The Silk Road Project is dedicated to showcasing playwrights of Asian, Middle Eastern and Mediterranean backgrounds. The works they select address themes that are relevant to the people of “The Silk Road” and their ultimate purpose is to make others aware of their culture and be able to see the importance in this culture. Their current production “Scorched” is a Chicago Premiere, written by Wajdi Mouawad, a Lebanese writer, from French Canada, with a translation by Linda Gaboriau, is one that will keep you spellbound as the mysterious story unfolds. We start in the office of a “notary” ( a sort of attorney) played withjust the right touch by Chicago veteran actor Frederick Stone. With him are two young people, twins, a boy,Simon, (solidly played by Nick Cimino) and his sister, Janine ( played with great heart by Lacy Katherine Campbell, who needs only to project a little better to attain perfection in this role). Their mother has died and they are about to hear the contents of the will. The will has some very special terms, these being the heart and soul of the mystery on their lives. They are two letters, one for Adam to deliver to his brother ( who he was unaware of ), the other for Janine to deliver to her father ( who they had thought had passed away during wartime as a hero). Until this is done, she will be buried as a nobody with no casket and no headstone. Once the letters are delivered, they can put the engraved headstone on her grave, so the world will know she is in fact there.
While this is a play that deals with war and the results of power struggles, it is in fact a marvelous love story, with great depth and a powerful cast under the brilliant leadership of director Dale Heinen, a young director who truly shows vision and soul in the way she brings this story to the stage. As we watch the two siblings search for answers to the puzzle, the mystery that their mother has woven, we get to watch flashbacks of the years in which their mother was young and in love. The mother is played by three enchanting actresses, who although different in appearance, all seem to “get” who she was and what her needs were. Young Nawal is played by Rinska M. Carrasco, Middle by the powerful Caolyn Hoerdemann and Old by the glorious Diana Simonzadeh. All three of these women shine in bringing this character to life, but be prepared, you might want to bring a tissue or two for the final scenes played to perfection by Ms Simonzadeh.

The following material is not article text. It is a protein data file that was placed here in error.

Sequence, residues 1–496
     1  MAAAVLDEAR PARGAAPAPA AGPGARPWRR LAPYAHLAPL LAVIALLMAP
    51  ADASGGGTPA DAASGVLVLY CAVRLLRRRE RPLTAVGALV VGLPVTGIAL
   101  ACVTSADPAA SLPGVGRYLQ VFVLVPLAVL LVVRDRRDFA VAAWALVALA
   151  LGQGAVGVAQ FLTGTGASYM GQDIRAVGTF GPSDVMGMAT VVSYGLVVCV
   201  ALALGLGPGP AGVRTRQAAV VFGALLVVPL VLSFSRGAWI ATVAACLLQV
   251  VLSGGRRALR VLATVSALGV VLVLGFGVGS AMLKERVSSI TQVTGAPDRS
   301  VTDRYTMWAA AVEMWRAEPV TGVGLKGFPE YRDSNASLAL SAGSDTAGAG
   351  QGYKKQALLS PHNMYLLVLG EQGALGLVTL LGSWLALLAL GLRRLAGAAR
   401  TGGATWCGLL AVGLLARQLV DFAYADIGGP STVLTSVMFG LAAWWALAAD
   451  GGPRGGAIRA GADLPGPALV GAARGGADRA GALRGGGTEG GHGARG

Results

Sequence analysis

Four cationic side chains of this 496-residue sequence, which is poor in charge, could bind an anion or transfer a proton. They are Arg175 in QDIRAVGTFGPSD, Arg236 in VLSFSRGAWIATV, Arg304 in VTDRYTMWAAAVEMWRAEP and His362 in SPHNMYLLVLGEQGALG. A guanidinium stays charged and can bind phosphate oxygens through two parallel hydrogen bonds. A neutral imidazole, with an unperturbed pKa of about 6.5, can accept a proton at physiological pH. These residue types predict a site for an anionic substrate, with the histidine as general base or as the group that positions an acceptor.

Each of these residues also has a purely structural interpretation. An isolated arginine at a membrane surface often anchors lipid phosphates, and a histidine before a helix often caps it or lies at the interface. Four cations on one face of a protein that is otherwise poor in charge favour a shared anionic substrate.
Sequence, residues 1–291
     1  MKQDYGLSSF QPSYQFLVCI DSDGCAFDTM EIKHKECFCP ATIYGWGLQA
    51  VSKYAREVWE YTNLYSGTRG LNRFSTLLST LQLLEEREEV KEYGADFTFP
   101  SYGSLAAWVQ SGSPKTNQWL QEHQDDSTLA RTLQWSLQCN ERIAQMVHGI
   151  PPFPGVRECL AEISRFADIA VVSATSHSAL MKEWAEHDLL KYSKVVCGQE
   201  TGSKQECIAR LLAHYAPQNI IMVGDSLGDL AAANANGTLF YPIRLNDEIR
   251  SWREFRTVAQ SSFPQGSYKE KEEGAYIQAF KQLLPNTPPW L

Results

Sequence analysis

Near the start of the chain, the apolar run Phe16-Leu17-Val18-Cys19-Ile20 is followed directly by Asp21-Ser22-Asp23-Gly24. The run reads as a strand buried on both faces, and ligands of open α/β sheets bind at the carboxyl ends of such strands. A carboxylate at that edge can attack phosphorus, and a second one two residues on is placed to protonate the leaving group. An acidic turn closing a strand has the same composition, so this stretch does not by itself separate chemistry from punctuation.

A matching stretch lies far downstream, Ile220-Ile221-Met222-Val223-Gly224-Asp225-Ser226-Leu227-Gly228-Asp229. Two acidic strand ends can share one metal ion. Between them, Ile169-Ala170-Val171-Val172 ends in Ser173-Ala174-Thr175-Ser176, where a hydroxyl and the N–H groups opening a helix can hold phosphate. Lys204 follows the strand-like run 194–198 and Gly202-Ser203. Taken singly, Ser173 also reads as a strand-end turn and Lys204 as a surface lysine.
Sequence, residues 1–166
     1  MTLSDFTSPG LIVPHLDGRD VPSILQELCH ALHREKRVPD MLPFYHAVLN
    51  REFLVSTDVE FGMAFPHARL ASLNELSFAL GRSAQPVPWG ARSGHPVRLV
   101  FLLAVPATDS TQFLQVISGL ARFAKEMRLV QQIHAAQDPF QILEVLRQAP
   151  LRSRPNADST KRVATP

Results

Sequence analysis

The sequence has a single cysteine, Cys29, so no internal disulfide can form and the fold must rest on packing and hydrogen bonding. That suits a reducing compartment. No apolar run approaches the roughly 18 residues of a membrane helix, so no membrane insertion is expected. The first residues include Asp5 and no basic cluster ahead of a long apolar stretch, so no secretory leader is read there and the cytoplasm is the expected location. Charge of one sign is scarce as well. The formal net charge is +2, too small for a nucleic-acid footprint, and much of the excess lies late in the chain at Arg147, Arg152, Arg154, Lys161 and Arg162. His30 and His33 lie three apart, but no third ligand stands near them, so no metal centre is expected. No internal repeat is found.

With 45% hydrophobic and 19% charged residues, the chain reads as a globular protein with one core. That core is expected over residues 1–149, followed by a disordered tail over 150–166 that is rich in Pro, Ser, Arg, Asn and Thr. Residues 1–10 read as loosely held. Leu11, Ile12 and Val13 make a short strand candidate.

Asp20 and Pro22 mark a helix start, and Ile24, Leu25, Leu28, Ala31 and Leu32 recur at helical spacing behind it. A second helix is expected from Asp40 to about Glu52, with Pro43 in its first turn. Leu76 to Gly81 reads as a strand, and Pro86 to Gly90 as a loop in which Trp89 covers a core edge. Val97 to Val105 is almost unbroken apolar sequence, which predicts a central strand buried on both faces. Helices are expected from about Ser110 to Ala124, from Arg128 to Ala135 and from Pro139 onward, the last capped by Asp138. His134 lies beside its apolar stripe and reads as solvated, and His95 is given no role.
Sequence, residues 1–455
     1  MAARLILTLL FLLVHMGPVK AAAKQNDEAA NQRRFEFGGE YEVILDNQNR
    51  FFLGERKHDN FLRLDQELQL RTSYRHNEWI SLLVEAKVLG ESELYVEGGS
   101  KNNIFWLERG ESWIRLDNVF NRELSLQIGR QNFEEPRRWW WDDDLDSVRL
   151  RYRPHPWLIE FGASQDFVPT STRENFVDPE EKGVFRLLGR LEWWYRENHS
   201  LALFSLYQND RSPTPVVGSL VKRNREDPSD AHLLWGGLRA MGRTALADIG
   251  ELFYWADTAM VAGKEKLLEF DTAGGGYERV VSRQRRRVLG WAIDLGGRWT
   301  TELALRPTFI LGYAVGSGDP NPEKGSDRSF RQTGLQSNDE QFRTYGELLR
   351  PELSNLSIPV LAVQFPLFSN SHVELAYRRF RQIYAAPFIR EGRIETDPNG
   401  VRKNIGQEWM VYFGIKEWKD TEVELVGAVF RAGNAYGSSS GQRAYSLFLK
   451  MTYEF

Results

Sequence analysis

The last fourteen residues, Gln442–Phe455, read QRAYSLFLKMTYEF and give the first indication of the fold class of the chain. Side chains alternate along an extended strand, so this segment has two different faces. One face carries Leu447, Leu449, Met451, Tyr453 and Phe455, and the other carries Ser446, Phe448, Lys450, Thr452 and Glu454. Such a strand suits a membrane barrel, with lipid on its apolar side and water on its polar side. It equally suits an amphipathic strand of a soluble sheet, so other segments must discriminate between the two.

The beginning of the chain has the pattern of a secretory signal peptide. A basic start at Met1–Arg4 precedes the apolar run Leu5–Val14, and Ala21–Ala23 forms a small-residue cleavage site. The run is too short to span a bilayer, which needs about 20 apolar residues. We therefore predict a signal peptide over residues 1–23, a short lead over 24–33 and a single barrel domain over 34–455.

This is a puzzling plot with lots of mystery that I will not give away as to truly get the full enjoyment and theatrical experience of this beautiful production, one must come in withan open mind and listen and watch the story come to life. It will! This I can promise you and there are some surprises as well. The actors in this production take on many smaller roles in addition to their major parts and each one plays each role with the same type ofpower as the entire cast does: Adam Poss, Justin James Farley and Fawzia Mirza are the actors who make this show complete!
The set by Tom Burch is quite effective in limiting the number of changes, yet allowing us to travel into the small Middle eastern villages and the other locations without haveing a lot of changes. On the center of the stage we have a platform that is surrounded by sand so that the scenes in the dessert work better. Carol J. Blanchard’s costumes are divine and the sound by Peter J. Storms works to a “T”. Jesse Gaffney’s props and Mike Tutaj’sprojections along with the lighting by Sarah Hughey complete the perfect picture
While the topic of “Civil war” is essential to the play, this is not really a “war story” but rather an exploration of some of the results of war, as well as a ove story that is difficult to comprehend at first, but once you view this masterpiece of theater, you will see that this type of thing may not be fiction at all. In fact, it may be more realistic than one would think. We deal with true love, pure hate, anger, rage and war, all in the confines of 2 hours and forty five minutes ( at least the seats are comfortable) and much of this you will find to be more poetry than literature. Poetry in the mind, more that lines that rhyme. I for one found this to be an extraordinary experience that gave me a wonderful story and a peek into another culture- Thanks, Silk Road Theatre Project for a wonderful experience!
For you to have this same feeling, you can see this production through November 7th at their location in the lower level- Pierce Hall- in The Historic Chicago Temple Building located at 77 West Washington ( at Clark Street) very easy to get to via public transportation and well worth the trip, with performances as follows:
Wednesday ( none on October 20th) at 7:30 p.m.
Thursday at 7:30 p.m.
Fridays and Saturdays at 8 p.m.
Saturday matinees and Sunday afternoons at 4 p.m.
Tickets , a mere $34, can be purchased at the box office, lower level of 77 W. Washington Street, by phone at 312-857-1234 or online at www.srtp.org/